Towards Cape Breton
We left P.E.I. in the morning on Saturday, the 29th of August, spending the day on an isolated beach in New Brunswick.
In the evening, we headed towards Nova Scotia, spent the night close to Tatamagouche planning to proceed along the coast to New Glasgow and down south to Halifax, but, tuning in to the spontaneity of the universe can take one in a different direction towards the most interesting encounters with the world.
Coming from P.E.I. and New Brunswick, the closer we got to Nova Scotia, the more I found myself talking about my long ago experiences in England. Yes, Nova Scotia has awakened the buried memories of grey skies, solitary ocean waves, the ubiquity of the British flag gently flapping in the breeze like the rosy cheeks of Mother Queen, and the trauma of English breakfast.
I had never given much thought to the possibility of having been traumatised by English breakfast until this day, but, for some mysterious reason, I found myself unable to shut up at the horror of, wherever I went in England, every single day, first thing in the morning I had to face mashed potatoes, bacon with eggs and eggs with bacon, in addition to the white puffy thing they called English muffin with plastic-like marmalade. I never imagined that so many years later, one day, I’ll start shuddering and stuttering about it, and least of all, here in North America, the land of royal burgers and their kings. Talk about subconscious connections!
I woke up in the morning in face of reality: the connections were no longer subliminal. Signs of civilisation were definitely more numerous than in New Brunswick, and all the many of them were decorated with the flapping flag of the Brits. With each step east towards the rising sun of Mother England, the grass grew heavier, the grey waves — stricter, and the Englishness brighter and flappier.
Two British and two Canadian flags, i.e. one of each per capita:
Even forest gnomes live under British flags next to the road:
Also, Canadian monuments reminded me of the Soviet dedication to the sacrificed soldiers. I have always suspected that the zeal to bring down the Soviet Union was motivated by envy:
All along route 6, cafes boasted signs for affordable and, as they claimed, edible English breakfast. Having suffered my recollections of the Very Great Britain all of the previous day, Sasha and Ljuba dashed to see the splendour of English breakfast for themselves. Yes, it was real. Every cafe that we entered boasted square tables in square rooms with English-looking grey-haired people sat with straight stiff backs next to plump, rosy cheeked boys, sometimes girls too, chewing bacon and eggs and eggs and bacon, mashed potatoes and the whole galore right down to the English muffin. This happens all over the province. No wonder the hog farms were rampant in the eastern provinces.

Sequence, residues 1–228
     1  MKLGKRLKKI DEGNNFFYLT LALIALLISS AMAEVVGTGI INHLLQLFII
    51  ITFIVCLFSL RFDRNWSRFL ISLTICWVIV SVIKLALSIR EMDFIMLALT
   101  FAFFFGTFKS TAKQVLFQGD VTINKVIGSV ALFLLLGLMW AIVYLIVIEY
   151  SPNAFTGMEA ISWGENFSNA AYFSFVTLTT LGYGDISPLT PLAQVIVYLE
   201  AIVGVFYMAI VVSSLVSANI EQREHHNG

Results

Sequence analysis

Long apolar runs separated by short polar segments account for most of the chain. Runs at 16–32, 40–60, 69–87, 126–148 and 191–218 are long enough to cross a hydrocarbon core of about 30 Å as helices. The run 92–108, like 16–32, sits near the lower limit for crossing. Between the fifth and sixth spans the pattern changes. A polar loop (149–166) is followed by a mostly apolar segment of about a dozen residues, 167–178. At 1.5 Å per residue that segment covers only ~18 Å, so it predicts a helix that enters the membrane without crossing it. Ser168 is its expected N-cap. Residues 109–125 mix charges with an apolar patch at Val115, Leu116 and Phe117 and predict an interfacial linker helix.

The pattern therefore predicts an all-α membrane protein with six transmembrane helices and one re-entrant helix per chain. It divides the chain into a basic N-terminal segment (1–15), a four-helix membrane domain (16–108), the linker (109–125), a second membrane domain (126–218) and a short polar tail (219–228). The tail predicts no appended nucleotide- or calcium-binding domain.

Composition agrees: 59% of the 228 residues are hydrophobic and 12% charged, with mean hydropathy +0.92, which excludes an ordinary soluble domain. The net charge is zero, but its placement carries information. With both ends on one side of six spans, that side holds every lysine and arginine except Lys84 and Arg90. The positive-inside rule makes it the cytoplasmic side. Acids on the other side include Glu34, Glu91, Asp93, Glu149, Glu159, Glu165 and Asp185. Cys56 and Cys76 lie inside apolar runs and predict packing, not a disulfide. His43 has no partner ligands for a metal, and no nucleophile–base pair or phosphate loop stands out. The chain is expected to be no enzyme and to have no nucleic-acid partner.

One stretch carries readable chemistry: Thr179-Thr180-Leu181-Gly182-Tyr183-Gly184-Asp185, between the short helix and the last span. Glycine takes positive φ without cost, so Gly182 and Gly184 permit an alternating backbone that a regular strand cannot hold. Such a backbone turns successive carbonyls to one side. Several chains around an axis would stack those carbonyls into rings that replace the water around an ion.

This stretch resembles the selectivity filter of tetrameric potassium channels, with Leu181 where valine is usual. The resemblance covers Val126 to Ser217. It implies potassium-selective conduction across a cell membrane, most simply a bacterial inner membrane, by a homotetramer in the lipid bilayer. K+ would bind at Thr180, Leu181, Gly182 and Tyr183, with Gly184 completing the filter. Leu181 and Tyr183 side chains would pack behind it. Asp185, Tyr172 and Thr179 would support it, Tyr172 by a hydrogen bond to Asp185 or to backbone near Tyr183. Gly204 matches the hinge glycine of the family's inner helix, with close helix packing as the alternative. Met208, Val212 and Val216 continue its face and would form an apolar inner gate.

But English breakfast and flag is not all there is to Nova Scotia.
If New Brunswick is the land of DDT and poisoned dreams, P.E.I — of potatoes and characters who think they are potatoes, then Nova Scotia is the realm of cemeteries, which we found in great abundance along most unexpected spots, and of The Church of the Armed Man usually with some thick and long protrusion hanging from his behind:
Here, they got it all: the cemetery, the breakfast, and the sacred house of the armed man:
It was Sunday, so apart from the notorious breakfast, everything was closed. Finally, in River John, we came across an artisan shop with vegan snacks, herbal teas and fresh brewed coffee. The owner was friendly and talking to some elderly couple who were having breakfast. While we were getting coffee, she inquired about where we were coming from and where we were heading to, told us a bit about the place and before we left, gave Ljuba a whole bunch of large almond and peanut cookies and biscuits that fed us through the day. The generosity was touching and welcoming.
Otherwise, River John was foggy, quiet, inducing a contemplative mood.
In addition to the regular flags, the main plaza boasts allegiance to the U.S.A.:
Our next stop was in Pictou, the place where the Scots – without any invitation by the locals or visas or passports – landed Ship Hector in 1773. The official town’s tourist website acknowledges that the illegal aliens would have perished through the long winter and the diseases they brought with them from Europe, if not for the sharing and caring Mikmaqs, who, when showing them how to survive, had no idea what these aliens were going to bring unto them and their world in such a near future. They couldn’t imagine that the sea shall be devastated, the wildlife exterminated, the land privatised, the forests poisoned and cut down, food confiscated and put under lock, labour unequally valued, and a government run by rich white men would be imposed on everyone, and all the rest that comes with civilisation (the wikipedia entry on Pictou, though, is prone to amnesia and fails to mention the Mikmaqs at all).
The aliens have come out of sea:
There used to be an old fisherman in Pictou and wet floor.
continued in part 7